America’s Paranormal Inactivity

Richard Wiseman, a British psychology professor and former magician, just put out a cool-seeming book that takes a scientific and skeptical look at all things paranormal. (Here’s Original Skepchick Rebecca Watson’s review of the book.) According to Wiseman’s blog, while the book has been a best seller in the UK, it won’t be getting a hard-copy release in the U.S.

Here’s Wiseman explaining why….

The book has done well in the UK and has been bought by publishers in lots of other countries.  However, the major American publishers were reluctant to support a skeptical book, with some suggesting that I re-write it to suggest that ghosts were real and psychic powers actually existed!

Might be easy to look at this as proof of how silly and superstitious Americans are, but personally I think it’s evidence that publishers are pricks who think their audience is a pack of morons. Stories like this remind me why I’m not particularly concerned that e-books and online piracy are destroying the publishing industry.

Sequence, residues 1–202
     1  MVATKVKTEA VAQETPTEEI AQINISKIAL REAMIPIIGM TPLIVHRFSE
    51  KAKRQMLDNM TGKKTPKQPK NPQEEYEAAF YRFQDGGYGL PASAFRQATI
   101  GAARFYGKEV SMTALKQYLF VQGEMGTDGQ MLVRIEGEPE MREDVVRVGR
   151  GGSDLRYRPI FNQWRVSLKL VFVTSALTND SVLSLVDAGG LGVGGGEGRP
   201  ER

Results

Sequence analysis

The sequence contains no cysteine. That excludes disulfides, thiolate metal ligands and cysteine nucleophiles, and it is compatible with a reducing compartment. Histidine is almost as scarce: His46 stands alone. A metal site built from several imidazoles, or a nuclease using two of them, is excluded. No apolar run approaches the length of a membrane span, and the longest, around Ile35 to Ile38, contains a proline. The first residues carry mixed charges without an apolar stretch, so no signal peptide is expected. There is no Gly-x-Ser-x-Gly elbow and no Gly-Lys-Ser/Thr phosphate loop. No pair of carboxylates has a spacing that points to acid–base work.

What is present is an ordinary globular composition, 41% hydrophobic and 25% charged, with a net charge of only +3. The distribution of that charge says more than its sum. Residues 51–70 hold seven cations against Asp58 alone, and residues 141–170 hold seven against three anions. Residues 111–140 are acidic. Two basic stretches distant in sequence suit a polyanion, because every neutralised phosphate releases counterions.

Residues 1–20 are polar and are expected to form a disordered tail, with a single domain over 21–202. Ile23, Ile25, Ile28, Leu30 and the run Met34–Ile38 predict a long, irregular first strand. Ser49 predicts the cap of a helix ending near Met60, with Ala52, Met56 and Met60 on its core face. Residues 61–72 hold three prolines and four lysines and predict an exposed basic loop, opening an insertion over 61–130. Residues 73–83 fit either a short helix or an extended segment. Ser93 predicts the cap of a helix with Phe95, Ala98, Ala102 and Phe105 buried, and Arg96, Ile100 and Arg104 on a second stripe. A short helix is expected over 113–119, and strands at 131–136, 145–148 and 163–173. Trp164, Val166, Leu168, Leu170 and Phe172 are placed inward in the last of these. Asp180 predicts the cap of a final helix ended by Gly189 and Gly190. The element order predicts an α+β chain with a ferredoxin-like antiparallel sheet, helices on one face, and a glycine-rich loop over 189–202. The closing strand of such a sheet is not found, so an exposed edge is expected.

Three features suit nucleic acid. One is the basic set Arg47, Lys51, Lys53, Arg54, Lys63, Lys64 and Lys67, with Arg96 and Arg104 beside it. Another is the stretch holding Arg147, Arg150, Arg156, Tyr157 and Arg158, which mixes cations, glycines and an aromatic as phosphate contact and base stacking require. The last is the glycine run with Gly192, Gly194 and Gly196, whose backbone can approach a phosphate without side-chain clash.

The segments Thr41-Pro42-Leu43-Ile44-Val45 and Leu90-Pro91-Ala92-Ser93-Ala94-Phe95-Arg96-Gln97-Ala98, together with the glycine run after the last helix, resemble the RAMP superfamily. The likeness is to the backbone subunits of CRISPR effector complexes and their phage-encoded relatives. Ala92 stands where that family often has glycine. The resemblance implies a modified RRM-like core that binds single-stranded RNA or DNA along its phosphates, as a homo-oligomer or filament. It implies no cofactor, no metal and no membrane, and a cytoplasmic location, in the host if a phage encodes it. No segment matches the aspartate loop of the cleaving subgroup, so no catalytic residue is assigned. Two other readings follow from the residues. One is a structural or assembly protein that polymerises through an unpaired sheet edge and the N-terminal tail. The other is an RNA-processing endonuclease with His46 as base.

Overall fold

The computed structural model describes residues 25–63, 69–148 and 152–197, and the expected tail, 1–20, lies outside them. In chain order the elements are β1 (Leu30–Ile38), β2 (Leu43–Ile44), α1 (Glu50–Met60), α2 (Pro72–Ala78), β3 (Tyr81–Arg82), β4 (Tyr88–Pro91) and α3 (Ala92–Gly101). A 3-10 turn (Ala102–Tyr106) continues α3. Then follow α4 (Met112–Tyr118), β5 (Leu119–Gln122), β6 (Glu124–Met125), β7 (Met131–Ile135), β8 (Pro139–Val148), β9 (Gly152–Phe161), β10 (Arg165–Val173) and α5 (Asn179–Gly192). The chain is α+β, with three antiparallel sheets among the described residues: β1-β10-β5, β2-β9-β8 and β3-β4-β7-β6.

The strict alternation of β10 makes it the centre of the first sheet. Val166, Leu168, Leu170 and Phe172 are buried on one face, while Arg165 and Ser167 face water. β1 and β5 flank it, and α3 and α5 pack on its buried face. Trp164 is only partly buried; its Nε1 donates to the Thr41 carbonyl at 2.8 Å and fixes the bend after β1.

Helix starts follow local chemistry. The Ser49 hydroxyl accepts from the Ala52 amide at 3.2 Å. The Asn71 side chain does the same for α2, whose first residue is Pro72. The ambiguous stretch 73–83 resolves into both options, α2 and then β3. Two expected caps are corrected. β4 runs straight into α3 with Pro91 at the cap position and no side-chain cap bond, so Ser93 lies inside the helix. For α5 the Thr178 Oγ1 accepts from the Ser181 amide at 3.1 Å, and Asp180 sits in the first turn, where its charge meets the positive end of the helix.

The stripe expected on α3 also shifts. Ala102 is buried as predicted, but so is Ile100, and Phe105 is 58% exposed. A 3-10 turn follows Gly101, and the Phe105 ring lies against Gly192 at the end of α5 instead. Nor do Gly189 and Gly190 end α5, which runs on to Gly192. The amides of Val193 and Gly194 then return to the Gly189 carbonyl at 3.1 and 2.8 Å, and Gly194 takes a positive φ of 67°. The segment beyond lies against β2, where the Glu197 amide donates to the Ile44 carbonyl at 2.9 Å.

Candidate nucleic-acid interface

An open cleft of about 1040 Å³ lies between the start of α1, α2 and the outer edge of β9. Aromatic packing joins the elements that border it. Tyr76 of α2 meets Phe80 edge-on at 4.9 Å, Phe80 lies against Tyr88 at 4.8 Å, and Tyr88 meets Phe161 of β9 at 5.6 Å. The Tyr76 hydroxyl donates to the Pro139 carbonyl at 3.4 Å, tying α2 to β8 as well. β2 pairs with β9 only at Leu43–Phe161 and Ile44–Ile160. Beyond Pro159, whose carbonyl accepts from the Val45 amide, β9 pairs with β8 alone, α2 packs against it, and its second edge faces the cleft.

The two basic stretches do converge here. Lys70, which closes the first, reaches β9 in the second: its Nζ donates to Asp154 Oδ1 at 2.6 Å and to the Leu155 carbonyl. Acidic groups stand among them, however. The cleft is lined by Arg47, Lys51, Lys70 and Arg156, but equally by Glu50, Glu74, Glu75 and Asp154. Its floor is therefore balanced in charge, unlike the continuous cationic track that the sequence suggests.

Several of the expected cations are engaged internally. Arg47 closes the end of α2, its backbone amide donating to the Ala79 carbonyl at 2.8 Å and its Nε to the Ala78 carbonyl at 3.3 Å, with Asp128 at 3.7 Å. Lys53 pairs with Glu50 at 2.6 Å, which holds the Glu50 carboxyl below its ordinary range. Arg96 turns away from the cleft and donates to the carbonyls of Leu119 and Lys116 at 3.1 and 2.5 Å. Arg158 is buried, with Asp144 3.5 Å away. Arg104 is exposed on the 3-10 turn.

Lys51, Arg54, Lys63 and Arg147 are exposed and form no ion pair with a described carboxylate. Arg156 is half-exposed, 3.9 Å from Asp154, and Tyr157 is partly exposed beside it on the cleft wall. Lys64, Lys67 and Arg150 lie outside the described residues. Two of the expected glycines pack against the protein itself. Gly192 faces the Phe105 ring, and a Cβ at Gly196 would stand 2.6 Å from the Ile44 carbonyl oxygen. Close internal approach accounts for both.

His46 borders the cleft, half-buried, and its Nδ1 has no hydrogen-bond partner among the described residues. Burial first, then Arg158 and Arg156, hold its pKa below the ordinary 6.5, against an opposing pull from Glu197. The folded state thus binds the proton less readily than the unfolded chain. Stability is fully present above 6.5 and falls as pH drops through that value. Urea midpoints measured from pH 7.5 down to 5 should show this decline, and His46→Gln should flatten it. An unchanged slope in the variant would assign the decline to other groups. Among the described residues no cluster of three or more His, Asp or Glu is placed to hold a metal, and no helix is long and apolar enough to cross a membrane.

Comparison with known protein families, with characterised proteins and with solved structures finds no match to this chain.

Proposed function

Anyway, Wiseman responded by self-publishing the book in America. A Kindle edition is available on Amazon and his UK publisher shipped a “boatload” of physical books across the Atlantic.

However, according to Pharyngula, as of this morning all those ink-and-paper books have sold out. Took about three days. Over a long weekend, no less.

So much for the American public not being able to handle a scientific approach to the paranormal.

Author: Paul Dechene

Paul Dechene is 5'10'' tall and he was born in a place. He's not there now. He's sitting in front of his computer writing his bio for this blog. He has a song stuck in his head. It's "Girl From Ipanema", thanks for asking. You can follow Paul on Twitter at @pauldechene and get live updates during city council meetings and other city events at @PDcityhall.

4 thoughts on “America’s Paranormal Inactivity”

  1. Omigawd. And are they asking anyone writing biology texts to include creationism – sorry, “intelligent design” – in there as well?

    Or did their market research indicate that the only book buyers out there are the paranormalists?

  2. I think that the publishers think that the book will sell better if the book says that ghosts are real, because that is less boring than the opposite conclusion. Or they actually want Americans to be stupid so they buy more crappy stuff.

  3. Just look at the difference in size between the ‘New Age and Occult’ and ‘Science’ sections in most book stores: the science sections are often less than half (sometimes a quarter!) the size.

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